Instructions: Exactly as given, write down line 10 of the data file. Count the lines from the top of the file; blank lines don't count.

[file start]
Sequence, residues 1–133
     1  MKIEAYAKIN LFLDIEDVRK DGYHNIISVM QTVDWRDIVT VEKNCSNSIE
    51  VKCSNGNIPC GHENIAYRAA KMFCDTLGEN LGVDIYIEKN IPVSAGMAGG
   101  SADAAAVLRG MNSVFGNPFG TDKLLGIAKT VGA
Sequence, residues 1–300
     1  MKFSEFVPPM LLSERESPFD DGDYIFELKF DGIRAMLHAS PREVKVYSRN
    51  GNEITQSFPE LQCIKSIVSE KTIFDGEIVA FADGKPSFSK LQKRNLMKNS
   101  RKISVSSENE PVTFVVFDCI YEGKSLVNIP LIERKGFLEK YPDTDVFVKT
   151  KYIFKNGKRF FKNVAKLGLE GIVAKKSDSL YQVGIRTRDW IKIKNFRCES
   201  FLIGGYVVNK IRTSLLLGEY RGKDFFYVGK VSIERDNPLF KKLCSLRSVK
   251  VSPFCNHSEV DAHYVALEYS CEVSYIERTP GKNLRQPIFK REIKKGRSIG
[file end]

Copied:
   201  FLIGGYVVNK IRTSLLLGEY RGKDFFYVGK VSIERDNPLF KKLCSLRSVK